Modelling predicts that younger adults are more likely to feel the burden of housing costs.
While everyone is feeling the pinch from the rising cost of living and inflation, a new study says younger people are experiencing the pressure most when it comes to housing.
Findings published in a recent AHURI report led by UNSW Canberra suggest it’s bleak for adults under 25, who are estimated to enter housing stress at three times the rate of those aged 65 and above.
For the research, the team, which included researchers from UNSW Sydney and the Swinburne University of Technology, developed a predictive model for entering housing stress based on the complexity of critical life events in interaction with household resources. To create the model, they used data from the Household, Income and Labour Dynamics in Australia (HILDA) Survey between 2005 and 2018, which follows the lives of more than 17,000 Australians.
They found age is the biggest predictor of the risk of entering housing stress, with adults under 25 being 214 per cent more likely to struggle with housing costs than older adults aged 65 and above. The risk reduces slightly to 154 per cent for those aged 25–34 and 156 per cent for those aged 35–44.
Employment status is the next largest predictor after age, with unemployed people 144 per cent more likely to enter housing stress than those in full-time employment. Not having a university education is associated with a 78 per cent higher risk of entering housing stress.
A person is considered to be in housing stress if they’re in the bottom 40 per cent of income distribution and spending more than 30 per cent of their before-tax income on housing costs. Those in housing stress may not have enough remaining to cover food, clothing and other essentials.
“Different critical life events occur at different ages, which can have an impact on household income and push people into housing stress,“ says Dr Milad Ghasri, lead author of the report from UNSW Canberra. “Using a risk-pathway model, we can detect based on certain factors which demographics might be likely to enter into housing stress following certain life events but are not yet eligible for support, and if they’re likely to recover from it without intervention.”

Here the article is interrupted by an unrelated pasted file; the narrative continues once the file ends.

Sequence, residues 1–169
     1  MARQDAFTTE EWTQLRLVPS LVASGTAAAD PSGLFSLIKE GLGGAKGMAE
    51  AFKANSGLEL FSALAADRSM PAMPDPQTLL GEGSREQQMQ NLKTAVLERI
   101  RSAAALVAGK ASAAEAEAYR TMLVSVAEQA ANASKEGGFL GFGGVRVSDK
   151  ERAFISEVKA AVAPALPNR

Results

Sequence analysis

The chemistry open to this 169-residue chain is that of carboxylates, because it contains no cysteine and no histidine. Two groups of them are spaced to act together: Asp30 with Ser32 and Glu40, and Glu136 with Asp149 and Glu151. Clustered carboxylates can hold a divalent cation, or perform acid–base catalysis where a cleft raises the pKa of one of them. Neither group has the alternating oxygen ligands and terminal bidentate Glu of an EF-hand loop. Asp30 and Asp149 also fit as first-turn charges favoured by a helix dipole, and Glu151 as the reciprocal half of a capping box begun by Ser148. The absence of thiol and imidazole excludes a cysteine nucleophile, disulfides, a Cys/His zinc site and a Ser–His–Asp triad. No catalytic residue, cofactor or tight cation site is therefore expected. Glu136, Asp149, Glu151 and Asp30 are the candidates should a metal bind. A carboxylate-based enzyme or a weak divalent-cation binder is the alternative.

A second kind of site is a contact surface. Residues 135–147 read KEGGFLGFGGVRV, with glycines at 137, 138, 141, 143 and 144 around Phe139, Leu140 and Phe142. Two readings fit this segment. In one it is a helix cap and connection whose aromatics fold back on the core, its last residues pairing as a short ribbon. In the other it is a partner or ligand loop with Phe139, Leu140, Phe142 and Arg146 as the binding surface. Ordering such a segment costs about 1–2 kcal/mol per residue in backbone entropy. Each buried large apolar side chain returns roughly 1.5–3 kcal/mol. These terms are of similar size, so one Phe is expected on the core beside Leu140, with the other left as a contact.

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The research also found that renters are 125 per cent more likely to enter housing stress than owners and are also less likely to recover from it. The probability of recovering from housing stress in the first year of entering housing stress is 39.4 per cent for renters and 48.9 per cent for homeowners.
“Renting is much more insecure than homeownership. It’s a particularly insecure tenure in Australia, more so than in many other countries, because of our limited protections for renters, including allowing no grounds terminations and unlimited rent increases,” says Professor Hazel Easthope, Deputy Director of UNSW’s City Futures Research Centre and a report co-author.
Understanding housing stress and life events
While young to early middle-aged adults between 18–44 years, those looking for work and people living in rental housing are the groups most vulnerable to housing stress, those aged 65 and above who own their own home, have a postgraduate degree and are engaged in full-time employment are the most resilient to housing stress.
“Life events that impact housing stress can occur more rapidly for younger people who have not had a chance to build up the safety net to fall back on, such as savings from their career or support systems,“ Prof. Easthope says. “But the impact of housing stress can be extreme, no matter the age.”
While younger adults are more likely to enter housing stress, they’re also more likely to recover from it, according to the research. However, adults aged 65 and above who are less likely to enter housing stress are much less likely to exit it if they do.
“For older people, if they use up all their resources, they may not be able to easily pivot in the job market or have certain obligations which make it less likely they will recover if they fall into housing stress following a critical life event,” Dr Ghasri says.
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The critical life events that increase the likelihood of entering housing stress are the birth/adoption of a child, separation, marriage, giving care to a family member, or being let go or made redundant. The researchers say understanding more about these events as contributors to housing stress can support proactive policy options.
“A significant shortcoming of housing assistance is that it’s provided only once someone is in urgent need,” Dr Ghasri says. “Rather than stepping in once someone is already struggling, we can use modelling to shape early intervention policies, which may reduce the need for long-term assistance.”
This article is republished from the UNSW Newsroom under a Creative Commons license. Read the original article.